A damming report written by a former senior negotiator has castigated the Abbott government for its stance on international climate talks, saying the Coalition had thrown away influence and momentum, and could lose the opportunity to frame an agreement that could favour Australia.
The Lowy Institute report – written by Howard Bamsey, Australia’s former special envoy on climate change, and Kath Rowley, the general manager of reviews at the Climate Change Authority – says climate change negotiations should be at the top of Australia’s priorities. If not, Australia risks losing the ability to influence the shape of a new global climate treaty that could have major consequences for its own economy.
The report comes at a critical time. Australia’s Abbott government is using the surplus credits secured by the Howard government’s dedicated negotiating effort nearly two years ago, but shows no interest in negotiating similar outcomes which could be critical to Australia’s economic health in coming decades.
Countries are now beginning to make pledges in the lead-up to the climate talks in Paris, where an agreement that can provide a platform for limiting average global warming to 2°C – a target agreed way back in Copenhagen – is expected to be drawn, and include developing countries.
But in the past two years, since the election of the Abbott government, Australia’s track record in the negotiations has been poor. In some cases it has been non-existent.
In Poland, Australia did not even bother to send a minister, and its negotiators appears to do a complete about-face in their positioning, causing much consternation to other countries. The international community was stunned that Australia had decided to scrap its carbon price, having viewed as one of the leading and best conceived schemes in the world.
In Lima, Australia’s position was more nuanced, but its delegation was only 14-strong, little more than half that of previous delegations.
Foreign Minister Julie Bishop only managed to travel after winning a fierce debate with the Prime Minister’s office and even then was “chaperoned” by trade minister Andre Robb, a climate sceptic.
“A year and much influence have been forgone,” Bamsey and Rowley write in their analysis. Yet they say these negotiations are of huge importance for Australia.
“They will shape the actions countries take, the resulting economic opportunities and risks for Australia, and, ultimately, the extent of climate risks and impacts the nation faces.
“Few if any other international negotiations invoke such consequences. In no other multilateral process are Australia’s interests so distinctive.
“The UN negotiations and related intergovernmental activities should be in the very top category of the Government’s and DFAT’s priorities.
The authors say that Australia’s delegation team needs to be bigger, with more dedicated staff.
They also note the success Australia achieved at Kyoto, when the then Coalition government of John Howard sent a strong team led by then environment minister Robert Hill.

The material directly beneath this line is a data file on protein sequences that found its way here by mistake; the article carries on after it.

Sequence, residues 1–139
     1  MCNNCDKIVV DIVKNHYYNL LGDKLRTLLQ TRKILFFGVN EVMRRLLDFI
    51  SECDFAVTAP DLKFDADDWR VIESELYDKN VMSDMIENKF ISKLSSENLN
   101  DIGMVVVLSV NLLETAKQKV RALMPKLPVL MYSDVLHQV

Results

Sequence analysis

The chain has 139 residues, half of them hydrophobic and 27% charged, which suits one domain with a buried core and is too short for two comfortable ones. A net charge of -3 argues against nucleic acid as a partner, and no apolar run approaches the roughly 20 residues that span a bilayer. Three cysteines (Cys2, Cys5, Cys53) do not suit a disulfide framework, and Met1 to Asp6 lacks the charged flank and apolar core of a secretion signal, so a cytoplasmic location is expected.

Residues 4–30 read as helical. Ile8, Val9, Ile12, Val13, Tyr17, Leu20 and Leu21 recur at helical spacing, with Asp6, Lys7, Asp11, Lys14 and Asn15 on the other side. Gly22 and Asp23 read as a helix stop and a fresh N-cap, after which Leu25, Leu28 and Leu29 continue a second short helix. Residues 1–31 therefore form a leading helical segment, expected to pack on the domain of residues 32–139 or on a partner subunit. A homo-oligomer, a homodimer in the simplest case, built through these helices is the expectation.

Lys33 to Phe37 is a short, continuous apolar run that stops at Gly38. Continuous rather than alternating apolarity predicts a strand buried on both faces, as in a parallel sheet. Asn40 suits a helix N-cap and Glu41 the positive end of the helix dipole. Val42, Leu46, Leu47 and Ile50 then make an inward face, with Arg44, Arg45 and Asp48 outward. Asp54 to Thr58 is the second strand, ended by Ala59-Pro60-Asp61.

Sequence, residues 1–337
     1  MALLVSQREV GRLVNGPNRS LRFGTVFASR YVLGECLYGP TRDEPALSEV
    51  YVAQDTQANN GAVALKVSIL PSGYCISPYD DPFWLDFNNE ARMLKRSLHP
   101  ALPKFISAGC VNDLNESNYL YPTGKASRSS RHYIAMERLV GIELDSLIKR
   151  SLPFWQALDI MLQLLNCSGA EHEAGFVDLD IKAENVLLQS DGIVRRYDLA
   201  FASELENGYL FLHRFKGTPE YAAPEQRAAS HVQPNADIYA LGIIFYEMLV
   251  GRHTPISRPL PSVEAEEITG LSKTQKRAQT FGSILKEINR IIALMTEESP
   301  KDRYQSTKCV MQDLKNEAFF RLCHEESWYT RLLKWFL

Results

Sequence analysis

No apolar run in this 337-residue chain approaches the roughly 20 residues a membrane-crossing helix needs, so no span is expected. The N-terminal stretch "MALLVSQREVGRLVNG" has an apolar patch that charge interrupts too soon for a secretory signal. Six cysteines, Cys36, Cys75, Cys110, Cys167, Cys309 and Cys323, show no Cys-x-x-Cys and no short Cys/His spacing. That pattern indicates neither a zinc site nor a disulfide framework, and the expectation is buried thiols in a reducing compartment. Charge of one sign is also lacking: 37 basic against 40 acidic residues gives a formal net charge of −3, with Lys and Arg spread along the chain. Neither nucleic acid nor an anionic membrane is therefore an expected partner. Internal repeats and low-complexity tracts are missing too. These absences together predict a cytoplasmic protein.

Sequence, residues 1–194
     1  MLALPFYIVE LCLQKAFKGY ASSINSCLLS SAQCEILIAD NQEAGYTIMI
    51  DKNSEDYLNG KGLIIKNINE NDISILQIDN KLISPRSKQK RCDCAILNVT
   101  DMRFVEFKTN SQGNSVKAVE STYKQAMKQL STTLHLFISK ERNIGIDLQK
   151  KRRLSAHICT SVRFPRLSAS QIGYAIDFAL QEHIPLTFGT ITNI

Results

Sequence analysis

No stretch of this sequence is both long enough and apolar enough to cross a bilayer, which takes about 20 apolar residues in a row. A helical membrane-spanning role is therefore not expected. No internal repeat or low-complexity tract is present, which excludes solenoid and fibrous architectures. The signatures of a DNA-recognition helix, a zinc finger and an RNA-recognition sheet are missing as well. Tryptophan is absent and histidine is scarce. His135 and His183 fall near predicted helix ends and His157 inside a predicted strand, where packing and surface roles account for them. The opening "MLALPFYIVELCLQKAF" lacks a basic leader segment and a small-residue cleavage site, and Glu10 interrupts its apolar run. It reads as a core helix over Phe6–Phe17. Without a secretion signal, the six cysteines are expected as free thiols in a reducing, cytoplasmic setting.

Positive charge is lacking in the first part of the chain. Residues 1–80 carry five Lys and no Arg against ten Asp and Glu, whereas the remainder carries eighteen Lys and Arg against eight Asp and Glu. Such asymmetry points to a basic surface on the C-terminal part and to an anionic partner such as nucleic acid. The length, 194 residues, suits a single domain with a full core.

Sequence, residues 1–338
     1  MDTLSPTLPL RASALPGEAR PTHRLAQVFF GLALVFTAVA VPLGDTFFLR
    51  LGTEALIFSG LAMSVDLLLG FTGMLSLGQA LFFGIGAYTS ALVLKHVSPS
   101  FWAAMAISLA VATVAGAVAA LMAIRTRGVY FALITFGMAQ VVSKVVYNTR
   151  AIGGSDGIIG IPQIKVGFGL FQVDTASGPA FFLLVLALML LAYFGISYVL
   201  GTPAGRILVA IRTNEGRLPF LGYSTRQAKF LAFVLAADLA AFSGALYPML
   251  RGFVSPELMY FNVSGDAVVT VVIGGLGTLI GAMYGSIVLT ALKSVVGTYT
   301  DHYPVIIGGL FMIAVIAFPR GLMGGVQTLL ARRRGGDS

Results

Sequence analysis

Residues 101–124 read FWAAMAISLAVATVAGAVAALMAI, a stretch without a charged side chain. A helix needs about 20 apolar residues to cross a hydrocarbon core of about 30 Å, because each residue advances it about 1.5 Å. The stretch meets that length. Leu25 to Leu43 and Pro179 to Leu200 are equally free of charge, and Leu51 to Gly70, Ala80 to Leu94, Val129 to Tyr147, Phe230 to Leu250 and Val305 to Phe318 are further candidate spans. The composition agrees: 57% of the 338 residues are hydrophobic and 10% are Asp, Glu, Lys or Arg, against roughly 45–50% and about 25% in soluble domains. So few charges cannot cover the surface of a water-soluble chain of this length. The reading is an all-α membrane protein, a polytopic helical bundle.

Back then, the authors noted, Australia achieved an extraordinary outcome, that allowed it to increase emissions by 8 per cent – an outcome many countries thought was far too generous.
This was crucial, because Australia’s emissions actually average 130 per cent of their 1990 levels in the critical four-year period to 2012, the end of the first Kyoto period. It was only the generous land use provisions that allowed Australia to claim that it had beaten its 108 per cent target (it ended up with 103 per cent – and intends to use that surplus as a credit to its current 5 per cent reduction target from 2000 levels by 2020).
“Nobody doubted the weight of Australia’s presence and influence,” the authors note. “It was this determined, comprehensive, and informed approach that led to acceptance of Australia’s nominated Kyoto Protocol target (108 per cent).”
Indeed, a key part of that negotiation was in talks about land use. This will once again be important in the lead up to Paris, but some observers noted that Australia’s position was being sidelined in Lima, a result they suggested that reflected the country’s diminished influence since it downgraded its priorities on climate change.
Ultimately, Australia’s diminished influence could have an impact on its economy, in ways that the Australian public, and the Australian media, did not understand. (Indeed, RenewEconomy has been the only Australian media at the last three climate talks, Doha, Warsaw and Lima).
“Very slowly, the tide is beginning to turn against the model of development that relies on unfettered exploitation of natural resources,” the authors write.
“Increasingly, national leaders are committing their governments to strategies that aim for strong growth with much lower natural resource inputs (and consequently, lower pollution outputs).
“Terms such as green growth and the circular economy are finding their way into the mainstream — although this would hardly be evident to consumers of Australian media.
“These concepts and the economic opportunities they present are feeding back into the negotiations in a positive way and narrowing traditional divisions. What has been exclusively a burden-sharing debate is taking on a more complex and optimistic tone.
“Australia currently ranks low on global indices of low-carbon competitiveness, but has the endowments and other factors to improve rapidly, and to contribute to a virtuous circle between the global economy and the negotiations.”